Novartis has unveiled Phase III data showing that partnering Kisqali with an endocrine therapy significantly prolonged progression-free survival (PFS) compared to an endocrine therapy alone in patients with breast cancer.
In the Phase III MONALEESA-7 trial, Kisqali in combination with tamoxifen or an aromatase inhibitor plus goserelin in premenopausal or perimenopausal women with hormone-receptor positive, human epidermal growth factor receptor-2 negative (HR+/HER2-) advanced or metastatic breast demonstrated a median PFS of 23.8 months compared to 13.0 months for tamoxifen or an aromatase inhibitor plus goserelin.
Premenopausal women treated with Kisqali combination therapy saw a response as early as eight weeks compared to endocrine therapy alone, the drug giant noted.
“The strength of the MONALEESA-7 data is impressive and will give oncologists an important option if ribociclib is approved as treatment for this patient population as well as greater flexibility in the choice of endocrine therapy given with this agent,” said Debu Tripathy, chair of Breast Medical Oncology, The University of Texas MD Anderson Cancer Center.
“Women who are premenopausal at the time of their breast cancer diagnosis tend to have more aggressive disease with poorer prognosis along with unique needs and experiences, so it is critical we determine which treatments will be most effective while also well tolerated.”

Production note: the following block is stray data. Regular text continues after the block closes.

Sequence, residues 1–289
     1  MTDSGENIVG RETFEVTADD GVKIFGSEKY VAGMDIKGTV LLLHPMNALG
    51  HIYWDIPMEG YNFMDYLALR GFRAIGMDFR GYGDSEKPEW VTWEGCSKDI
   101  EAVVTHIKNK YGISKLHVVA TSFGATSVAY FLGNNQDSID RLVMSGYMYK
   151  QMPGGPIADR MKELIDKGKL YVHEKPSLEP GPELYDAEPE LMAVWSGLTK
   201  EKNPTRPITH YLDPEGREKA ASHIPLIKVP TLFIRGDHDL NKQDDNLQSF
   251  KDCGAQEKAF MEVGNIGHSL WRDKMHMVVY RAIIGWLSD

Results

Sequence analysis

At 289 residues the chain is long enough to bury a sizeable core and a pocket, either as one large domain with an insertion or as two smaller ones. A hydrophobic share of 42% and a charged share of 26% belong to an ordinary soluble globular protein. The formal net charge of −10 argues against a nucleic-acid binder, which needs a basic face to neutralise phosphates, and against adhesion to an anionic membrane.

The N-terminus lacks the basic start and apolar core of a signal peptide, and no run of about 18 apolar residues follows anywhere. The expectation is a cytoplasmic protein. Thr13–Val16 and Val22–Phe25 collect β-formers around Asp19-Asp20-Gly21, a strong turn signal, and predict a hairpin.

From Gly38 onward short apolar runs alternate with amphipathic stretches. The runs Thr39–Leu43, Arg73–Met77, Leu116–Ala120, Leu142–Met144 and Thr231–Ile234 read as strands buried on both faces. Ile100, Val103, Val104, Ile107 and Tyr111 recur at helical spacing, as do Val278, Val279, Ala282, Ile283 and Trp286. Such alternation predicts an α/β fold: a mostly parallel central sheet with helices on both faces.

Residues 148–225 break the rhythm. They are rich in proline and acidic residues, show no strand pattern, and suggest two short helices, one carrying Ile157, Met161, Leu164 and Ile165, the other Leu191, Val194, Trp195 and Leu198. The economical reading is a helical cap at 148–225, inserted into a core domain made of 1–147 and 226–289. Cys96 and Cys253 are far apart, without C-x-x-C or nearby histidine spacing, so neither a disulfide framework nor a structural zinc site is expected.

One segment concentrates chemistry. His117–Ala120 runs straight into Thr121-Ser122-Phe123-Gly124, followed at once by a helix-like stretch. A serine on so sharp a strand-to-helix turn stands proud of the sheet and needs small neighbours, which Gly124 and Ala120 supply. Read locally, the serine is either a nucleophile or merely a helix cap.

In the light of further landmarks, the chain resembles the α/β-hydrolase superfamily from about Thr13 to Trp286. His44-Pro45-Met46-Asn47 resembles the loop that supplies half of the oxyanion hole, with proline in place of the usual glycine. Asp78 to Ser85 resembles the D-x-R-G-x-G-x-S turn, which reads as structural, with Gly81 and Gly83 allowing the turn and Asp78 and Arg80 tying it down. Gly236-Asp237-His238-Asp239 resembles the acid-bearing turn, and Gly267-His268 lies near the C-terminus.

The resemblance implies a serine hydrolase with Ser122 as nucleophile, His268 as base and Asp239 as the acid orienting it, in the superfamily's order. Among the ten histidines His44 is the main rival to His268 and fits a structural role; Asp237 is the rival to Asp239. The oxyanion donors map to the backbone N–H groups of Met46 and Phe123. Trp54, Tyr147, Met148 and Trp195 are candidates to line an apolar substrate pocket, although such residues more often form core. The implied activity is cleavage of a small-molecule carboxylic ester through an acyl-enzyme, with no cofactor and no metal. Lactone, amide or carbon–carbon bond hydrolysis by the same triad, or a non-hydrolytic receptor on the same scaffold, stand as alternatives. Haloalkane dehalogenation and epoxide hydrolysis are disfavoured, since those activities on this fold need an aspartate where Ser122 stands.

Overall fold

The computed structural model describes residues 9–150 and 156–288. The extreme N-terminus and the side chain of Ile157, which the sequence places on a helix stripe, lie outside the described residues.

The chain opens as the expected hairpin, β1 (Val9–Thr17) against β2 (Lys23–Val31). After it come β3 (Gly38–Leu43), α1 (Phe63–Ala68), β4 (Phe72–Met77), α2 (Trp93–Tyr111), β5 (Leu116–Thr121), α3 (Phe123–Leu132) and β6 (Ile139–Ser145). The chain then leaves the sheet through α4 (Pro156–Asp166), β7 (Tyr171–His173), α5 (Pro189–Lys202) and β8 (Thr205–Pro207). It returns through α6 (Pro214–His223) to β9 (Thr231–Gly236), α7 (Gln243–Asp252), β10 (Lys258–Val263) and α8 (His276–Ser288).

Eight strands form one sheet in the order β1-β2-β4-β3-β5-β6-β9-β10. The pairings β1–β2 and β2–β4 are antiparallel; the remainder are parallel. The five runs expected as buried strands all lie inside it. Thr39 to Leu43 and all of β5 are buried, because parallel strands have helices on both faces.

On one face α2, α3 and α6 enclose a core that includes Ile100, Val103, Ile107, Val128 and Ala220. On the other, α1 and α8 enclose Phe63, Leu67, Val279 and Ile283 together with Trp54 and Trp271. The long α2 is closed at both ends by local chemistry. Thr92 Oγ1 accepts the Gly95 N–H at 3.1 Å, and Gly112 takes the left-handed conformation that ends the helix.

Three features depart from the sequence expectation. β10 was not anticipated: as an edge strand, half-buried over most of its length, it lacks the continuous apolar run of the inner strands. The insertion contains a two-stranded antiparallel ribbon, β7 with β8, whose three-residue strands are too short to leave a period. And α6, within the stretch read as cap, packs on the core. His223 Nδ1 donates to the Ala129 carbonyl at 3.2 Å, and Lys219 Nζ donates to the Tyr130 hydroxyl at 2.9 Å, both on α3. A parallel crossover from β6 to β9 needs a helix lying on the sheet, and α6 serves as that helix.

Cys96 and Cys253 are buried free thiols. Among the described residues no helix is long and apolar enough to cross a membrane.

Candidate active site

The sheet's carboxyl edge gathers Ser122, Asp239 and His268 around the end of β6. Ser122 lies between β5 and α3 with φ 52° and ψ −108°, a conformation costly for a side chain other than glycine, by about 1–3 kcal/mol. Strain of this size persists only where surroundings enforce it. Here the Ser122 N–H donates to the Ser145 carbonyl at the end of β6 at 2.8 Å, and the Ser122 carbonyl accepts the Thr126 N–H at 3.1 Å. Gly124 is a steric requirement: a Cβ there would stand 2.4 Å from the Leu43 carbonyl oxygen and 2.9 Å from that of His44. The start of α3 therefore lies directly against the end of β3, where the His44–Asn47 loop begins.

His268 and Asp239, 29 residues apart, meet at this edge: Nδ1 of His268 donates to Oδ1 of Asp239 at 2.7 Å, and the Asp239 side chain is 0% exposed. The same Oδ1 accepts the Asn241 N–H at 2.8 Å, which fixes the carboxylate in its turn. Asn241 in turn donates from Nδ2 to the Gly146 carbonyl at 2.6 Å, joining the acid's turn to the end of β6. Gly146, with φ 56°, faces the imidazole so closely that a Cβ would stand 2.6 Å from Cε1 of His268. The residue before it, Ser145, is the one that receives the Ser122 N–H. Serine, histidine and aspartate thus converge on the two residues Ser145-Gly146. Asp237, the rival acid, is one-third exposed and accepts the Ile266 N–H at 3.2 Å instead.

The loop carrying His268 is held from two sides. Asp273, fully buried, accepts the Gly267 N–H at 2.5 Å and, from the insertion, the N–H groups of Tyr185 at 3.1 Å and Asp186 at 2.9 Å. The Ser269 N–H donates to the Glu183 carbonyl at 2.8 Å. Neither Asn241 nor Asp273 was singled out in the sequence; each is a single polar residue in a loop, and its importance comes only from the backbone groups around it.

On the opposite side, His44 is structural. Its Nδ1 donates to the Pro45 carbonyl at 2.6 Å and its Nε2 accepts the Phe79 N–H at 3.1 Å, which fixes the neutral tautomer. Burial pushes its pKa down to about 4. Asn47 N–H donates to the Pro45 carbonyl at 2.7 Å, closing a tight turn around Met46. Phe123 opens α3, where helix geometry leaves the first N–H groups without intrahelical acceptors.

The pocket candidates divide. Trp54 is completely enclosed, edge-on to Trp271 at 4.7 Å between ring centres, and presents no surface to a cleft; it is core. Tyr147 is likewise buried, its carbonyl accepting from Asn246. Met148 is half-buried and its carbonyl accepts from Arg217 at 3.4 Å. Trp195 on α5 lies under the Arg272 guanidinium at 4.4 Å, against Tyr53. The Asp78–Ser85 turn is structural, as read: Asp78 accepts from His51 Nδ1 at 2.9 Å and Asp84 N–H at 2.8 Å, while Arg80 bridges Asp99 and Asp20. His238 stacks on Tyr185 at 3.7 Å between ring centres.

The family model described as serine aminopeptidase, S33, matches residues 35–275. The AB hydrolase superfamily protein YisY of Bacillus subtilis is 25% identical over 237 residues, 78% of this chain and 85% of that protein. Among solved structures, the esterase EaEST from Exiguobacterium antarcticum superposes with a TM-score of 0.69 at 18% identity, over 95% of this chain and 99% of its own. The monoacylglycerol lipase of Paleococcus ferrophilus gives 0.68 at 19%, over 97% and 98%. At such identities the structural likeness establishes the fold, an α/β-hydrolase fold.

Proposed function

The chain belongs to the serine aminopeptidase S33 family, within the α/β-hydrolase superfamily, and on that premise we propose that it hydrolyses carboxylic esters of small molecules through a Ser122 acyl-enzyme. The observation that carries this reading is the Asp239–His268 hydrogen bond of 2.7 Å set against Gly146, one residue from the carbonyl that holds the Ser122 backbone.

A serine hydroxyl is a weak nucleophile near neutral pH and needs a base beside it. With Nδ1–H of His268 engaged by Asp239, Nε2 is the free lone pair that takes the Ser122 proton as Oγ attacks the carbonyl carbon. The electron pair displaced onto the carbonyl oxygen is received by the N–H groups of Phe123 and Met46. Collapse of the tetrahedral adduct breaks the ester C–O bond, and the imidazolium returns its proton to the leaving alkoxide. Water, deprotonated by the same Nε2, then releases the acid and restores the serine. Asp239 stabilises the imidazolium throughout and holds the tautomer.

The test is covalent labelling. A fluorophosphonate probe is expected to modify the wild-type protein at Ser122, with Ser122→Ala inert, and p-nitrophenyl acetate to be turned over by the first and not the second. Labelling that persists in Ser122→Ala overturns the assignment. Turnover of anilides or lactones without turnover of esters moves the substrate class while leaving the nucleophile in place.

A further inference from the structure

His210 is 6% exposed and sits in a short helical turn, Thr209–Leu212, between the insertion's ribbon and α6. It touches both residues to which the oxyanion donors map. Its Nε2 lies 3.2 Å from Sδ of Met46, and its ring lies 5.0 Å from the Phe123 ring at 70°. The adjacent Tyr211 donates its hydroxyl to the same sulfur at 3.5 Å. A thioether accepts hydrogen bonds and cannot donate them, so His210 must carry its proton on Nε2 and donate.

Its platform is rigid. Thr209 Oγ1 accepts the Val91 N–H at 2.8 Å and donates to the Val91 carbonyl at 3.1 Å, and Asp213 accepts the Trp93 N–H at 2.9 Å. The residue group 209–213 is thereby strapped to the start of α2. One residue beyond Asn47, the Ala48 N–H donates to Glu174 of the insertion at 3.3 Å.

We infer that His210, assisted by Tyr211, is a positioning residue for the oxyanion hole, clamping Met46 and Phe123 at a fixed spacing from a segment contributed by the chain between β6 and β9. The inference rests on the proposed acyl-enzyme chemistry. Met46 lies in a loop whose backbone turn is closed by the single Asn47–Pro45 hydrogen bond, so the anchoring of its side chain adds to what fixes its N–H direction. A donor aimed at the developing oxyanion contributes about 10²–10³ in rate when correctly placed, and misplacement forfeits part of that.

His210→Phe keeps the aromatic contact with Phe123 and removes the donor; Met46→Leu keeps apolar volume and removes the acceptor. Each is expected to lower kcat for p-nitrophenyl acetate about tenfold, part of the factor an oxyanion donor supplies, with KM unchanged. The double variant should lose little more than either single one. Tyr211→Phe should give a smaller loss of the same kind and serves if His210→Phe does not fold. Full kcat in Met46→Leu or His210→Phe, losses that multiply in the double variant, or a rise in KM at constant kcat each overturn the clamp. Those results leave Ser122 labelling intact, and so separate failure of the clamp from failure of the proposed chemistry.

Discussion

MONALEESA-7 trial also evaluated Kisqali in combination with tamoxifen and an aromatase inhibitor, which showed PFS of 22.1 versus 11.0 months for the latter regimen alone, while in combination with an aromatase inhibitor it demonstrated an additional 14 months progression-free survival over endocrine therapy alone (median PFS of 27.5 vs 13.8 months).
Also of note, premenopausal women taking Kisqali benefited for a longer time until health-related quality of life (QoL) deterioration compared to those taking endocrine therapy alone, and experienced a clinically meaningful improvement in pain symptoms as early as eight weeks.
Novartis plans to discuss MONALEESA-7 data with global health authorities worldwide, presumably with a view to expanding the drug’s scope of treatment.
Kisqali, a selective cyclin-dependent kinase inhibitor, is cleared by the European Commission as initial endocrine-based therapy for postmenopausal women with HR+/HER2- locally advanced or metastatic breast cancer in combination with an aromatase inhibitor. It is not currently approved for use in premenopausal patients.